Audio Post Production Demystified: A Comprehensive Guide For Filmmakers (Part 1)
Updated: May 25
At 344 Audio, we are drawn to sharing knowledge with creatives of all kinds. That's why we have decided to formulate a three part guide to answer the questions that many filmmakers may have regarding Audio Post Production. Today’s focus will be the break down of the job roles and technologies used within our industry.
The Job Roles
Due to budgetary constraints and technological advancements, some of these roles are now blurred within smaller projects. You should still be aware of their existence, and manage your expectations based on the sound team that you can afford:
A Sound Designer is a multi skilled sound professional who gets creatively and technically involved with making sounds to tell a story. On smaller budget projects, the Sound Designer may also be the Dialogue Editor, Sound Editor, Re-recording Mixer, Sound Supervisor and sometimes the Foley Artist.
Dialogue Editors take the Location Sound that is synced up by the picture editor, and work to ensure a constant flow of dialogue without clicks, pops, noise, distortion and discontinuities.
A Sound Editor takes recordings from sound libraries and places them in sync with the picture to help create a seamless flow of continuity and narrative.
Re-recording Mixer/Dubbing Mixer
A Re-recording Mixer takes the audio tracks that the team have created, deciding which elements will remain (in line with the Director's notes) as well as their overall tonal balance, distance perception and technical needs for the final deliverables of the Sound Mix.
Foley Artists perform sounds that would be impractical to create with sound effects and sound design. Examples include footsteps, cloth movement and gun handling. They also add a layer of continuity to your actors performance.
Foley Mixers record the sounds that the Foley Artist creates, giving them feedback on the performance whilst listening for technical issues.
Foley Editors edit the Foley Artist's work, to make it sync with the picture and to assure that it is suitable for mixing by the Re-recording Mixer.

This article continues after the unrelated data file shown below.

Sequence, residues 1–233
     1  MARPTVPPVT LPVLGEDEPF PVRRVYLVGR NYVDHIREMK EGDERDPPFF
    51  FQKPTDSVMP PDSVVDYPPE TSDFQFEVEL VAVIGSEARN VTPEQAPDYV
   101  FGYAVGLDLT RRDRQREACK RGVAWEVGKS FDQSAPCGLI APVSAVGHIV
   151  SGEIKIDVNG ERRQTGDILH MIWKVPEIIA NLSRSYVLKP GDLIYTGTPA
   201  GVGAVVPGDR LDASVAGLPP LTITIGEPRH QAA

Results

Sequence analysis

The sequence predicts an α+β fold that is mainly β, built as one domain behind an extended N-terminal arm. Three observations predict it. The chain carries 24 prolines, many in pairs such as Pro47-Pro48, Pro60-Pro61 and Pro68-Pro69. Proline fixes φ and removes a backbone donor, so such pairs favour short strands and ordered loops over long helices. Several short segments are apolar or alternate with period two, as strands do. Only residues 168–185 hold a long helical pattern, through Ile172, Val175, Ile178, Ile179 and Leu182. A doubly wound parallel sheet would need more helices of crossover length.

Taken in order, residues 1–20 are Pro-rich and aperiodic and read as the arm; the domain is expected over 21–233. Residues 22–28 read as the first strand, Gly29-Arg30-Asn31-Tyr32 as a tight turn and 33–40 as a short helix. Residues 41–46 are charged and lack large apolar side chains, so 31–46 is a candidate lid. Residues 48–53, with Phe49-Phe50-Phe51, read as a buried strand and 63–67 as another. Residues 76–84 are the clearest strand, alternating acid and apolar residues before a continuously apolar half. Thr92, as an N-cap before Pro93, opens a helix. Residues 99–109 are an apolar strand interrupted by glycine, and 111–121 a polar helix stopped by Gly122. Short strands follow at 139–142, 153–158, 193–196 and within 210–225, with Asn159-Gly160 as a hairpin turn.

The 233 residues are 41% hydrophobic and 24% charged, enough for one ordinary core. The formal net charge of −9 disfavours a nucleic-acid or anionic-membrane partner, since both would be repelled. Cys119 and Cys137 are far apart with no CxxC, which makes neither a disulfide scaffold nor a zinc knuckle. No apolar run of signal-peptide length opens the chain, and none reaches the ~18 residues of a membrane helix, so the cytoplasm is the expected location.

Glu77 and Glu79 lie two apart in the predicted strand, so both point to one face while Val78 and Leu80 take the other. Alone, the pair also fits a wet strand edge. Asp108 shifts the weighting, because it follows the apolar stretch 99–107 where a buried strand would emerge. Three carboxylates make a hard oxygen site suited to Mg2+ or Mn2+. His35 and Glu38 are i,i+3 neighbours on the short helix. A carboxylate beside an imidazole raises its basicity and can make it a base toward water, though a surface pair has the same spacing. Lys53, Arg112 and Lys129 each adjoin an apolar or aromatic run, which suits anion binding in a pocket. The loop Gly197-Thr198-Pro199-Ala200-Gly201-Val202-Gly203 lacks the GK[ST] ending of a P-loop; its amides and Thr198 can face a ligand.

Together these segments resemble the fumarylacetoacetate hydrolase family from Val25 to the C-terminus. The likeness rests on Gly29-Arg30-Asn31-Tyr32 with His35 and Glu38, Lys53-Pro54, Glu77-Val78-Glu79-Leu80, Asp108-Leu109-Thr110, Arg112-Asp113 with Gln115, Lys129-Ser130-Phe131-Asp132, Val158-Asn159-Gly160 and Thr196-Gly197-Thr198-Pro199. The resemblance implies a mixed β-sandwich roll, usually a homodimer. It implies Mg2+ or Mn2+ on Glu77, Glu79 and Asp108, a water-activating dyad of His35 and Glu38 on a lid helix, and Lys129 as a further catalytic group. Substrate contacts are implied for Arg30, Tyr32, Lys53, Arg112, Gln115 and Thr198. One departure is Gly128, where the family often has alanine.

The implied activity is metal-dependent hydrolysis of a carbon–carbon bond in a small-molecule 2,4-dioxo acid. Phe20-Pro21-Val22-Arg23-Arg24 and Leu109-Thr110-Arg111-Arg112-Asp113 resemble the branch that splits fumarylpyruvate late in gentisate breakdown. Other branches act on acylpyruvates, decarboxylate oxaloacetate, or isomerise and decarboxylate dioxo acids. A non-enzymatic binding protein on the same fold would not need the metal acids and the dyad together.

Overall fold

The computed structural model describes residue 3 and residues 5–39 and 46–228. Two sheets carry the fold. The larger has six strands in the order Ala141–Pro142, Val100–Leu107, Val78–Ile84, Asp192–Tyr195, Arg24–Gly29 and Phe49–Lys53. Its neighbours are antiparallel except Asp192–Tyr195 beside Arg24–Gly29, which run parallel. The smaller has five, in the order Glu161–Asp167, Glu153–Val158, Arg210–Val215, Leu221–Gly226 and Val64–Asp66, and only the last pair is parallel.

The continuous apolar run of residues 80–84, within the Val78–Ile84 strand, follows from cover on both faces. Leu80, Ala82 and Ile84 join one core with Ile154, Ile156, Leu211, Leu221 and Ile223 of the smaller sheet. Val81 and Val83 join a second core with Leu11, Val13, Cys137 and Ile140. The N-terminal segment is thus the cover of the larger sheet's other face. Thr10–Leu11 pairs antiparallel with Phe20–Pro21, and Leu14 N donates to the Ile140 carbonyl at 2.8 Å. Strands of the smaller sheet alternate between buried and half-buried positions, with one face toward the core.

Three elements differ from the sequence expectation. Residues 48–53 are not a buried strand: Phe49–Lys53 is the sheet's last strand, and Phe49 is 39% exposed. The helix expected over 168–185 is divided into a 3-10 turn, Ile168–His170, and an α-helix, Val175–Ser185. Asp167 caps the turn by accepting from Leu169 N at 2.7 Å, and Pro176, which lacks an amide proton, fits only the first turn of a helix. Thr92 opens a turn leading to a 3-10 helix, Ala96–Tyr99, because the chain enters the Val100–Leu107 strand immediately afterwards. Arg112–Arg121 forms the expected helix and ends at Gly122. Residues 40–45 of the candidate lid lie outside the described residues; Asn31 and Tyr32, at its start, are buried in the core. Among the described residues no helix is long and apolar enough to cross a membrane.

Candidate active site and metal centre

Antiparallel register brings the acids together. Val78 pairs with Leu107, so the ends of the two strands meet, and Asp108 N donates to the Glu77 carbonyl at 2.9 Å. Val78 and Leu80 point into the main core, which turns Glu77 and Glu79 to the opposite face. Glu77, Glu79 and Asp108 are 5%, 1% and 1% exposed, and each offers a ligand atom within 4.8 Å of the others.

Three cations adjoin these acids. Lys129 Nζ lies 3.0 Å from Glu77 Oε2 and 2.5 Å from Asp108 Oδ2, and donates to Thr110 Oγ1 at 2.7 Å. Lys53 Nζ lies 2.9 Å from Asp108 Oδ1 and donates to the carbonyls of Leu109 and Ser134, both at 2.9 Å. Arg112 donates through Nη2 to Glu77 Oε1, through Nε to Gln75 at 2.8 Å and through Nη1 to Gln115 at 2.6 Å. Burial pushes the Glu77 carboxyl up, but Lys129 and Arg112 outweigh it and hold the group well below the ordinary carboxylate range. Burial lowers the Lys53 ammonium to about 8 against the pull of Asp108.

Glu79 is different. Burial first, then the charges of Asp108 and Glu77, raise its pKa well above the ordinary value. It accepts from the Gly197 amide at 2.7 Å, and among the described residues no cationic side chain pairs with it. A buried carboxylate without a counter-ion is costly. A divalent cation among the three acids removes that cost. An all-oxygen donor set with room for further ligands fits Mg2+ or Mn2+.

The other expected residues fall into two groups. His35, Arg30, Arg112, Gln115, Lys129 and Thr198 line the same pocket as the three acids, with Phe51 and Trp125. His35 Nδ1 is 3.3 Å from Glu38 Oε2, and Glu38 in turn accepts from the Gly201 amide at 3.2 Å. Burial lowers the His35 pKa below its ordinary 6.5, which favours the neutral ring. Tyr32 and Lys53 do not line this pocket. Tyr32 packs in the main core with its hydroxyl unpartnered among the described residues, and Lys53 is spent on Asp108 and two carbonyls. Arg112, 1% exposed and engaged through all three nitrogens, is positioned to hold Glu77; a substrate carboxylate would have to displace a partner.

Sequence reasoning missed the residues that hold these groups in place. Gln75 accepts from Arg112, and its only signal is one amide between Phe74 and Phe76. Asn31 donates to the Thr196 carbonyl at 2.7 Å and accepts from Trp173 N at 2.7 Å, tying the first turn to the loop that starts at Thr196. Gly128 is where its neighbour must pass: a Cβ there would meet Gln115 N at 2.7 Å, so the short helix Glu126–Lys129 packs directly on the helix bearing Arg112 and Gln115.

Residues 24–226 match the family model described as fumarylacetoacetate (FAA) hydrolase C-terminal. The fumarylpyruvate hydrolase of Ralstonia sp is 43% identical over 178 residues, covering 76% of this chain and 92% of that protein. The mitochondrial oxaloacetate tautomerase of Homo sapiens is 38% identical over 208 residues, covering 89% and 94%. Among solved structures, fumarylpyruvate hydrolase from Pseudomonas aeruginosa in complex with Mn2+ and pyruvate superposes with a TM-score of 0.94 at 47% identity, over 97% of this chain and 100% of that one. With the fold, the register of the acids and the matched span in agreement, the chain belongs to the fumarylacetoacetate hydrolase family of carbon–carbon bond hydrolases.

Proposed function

Sound Supervisor/Supervising Sound Editor
A head of department, who often helps with building the Sound Team and overseeing collaboration with the Director and Producers to achieve the best Final Mix possible.
Sound Effects Recordist
A Field Recordist who records custom sound effects for your project, often with high end equipment.
ADR Mixers record ADR (automated dialogue replacement) to replace unusable audio from location. They liase with the Director and Talent to get the best performance and believability out of the recordings.
There are many technologies that the Sound Team will use to help enhance your film, adding flair and interest to the Final Mix.
DAW (Digital Audio Workstation)
The software that the Sound Team use to perform the majority of their post production tasks. Current industry standards include Avid Pro Tools and Steinberg Nuendo. It is the equivalent of the NLE in picture editing and films will often end up with at least 100 tracks of audio.
Sound Effects Libraries
The Sounds that form the basis of many film soundtracks. Independent Sound Effects Recordists gather, edit and distribute these online. The industry standard formats are 24Bit 48kHz and 24Bit 96kHz WAV. They are usually sold within themes - 'car engines' 'dinosaurs' 'scifi weapons' etc.
A wide variety of specialised microphones are used inside and outside of the studio to achieve the necessary recordings for the production. Some common microphones include the Sennheiser MKH 416, Neumann U87, RODE NTG3.
Field Recorders are used to record and store audio recordings. Some common recorders include the Sound Devices 633, Zoom F8, Sony PCM-D100 And Zoom H6.
This device is used as a bridge between microphones, external equipment and the computer workstation within a studio. Most interfaces have microphone pre amplifiers for recording a range of material. Popular brands include Avid, Focusrite and M-Audio.
High end computer workstations are used to process the multitude of tracks, recordings and software plugins that the Sound Team will use.
A peripheral included in many products or it can be standalone. It amplifies the signal captured by the microphone and determines the noise floor and dynamic range of the recordings.
Control Surface/Mixing Desk
A Control Surface or Mixing Desk is used to balance and control the audio tracks, execute DAW functions and achieve a coherent Final Mix. Common control surfaces include Avid S6 and Digidesign ICON D-Control.
Specialised speakers, that offer a more 'flat' frequency response curve and accuracy than consumer systems, giving the Sound team and Director insights into how the mix really sounds. Popular brands include Genelec, Dynaudio and ADAM Audio.
A device intended for musical use, which can generate electronic sounds defined and sculpted by the user with various parameters.
Software plugins are an extension to the DAW, and usually come in the form of an effect inside of a DAW. Common examples are equalisation and compression. Third party plugins allow various extra features to be implemented to your workflow. Common examples include software for audio restoration, alternative metering, and the ability to use immersive audio formats.
These 'props' are used to perform various character movements. Foley Pits usually contain multiple surfaces that a Foley Artist can walk on to create believable Footstep performances.
Now that you're familiar with the job roles and technology of audio post production, keep an eye out for Part 2 where we'll dive into the full audio post workflow.
If you enjoyed this article please check out our ultimate guide to audio post- production: https://www.344audio.com/post/the-ultimate-guide-to-audio-post-production-sound-design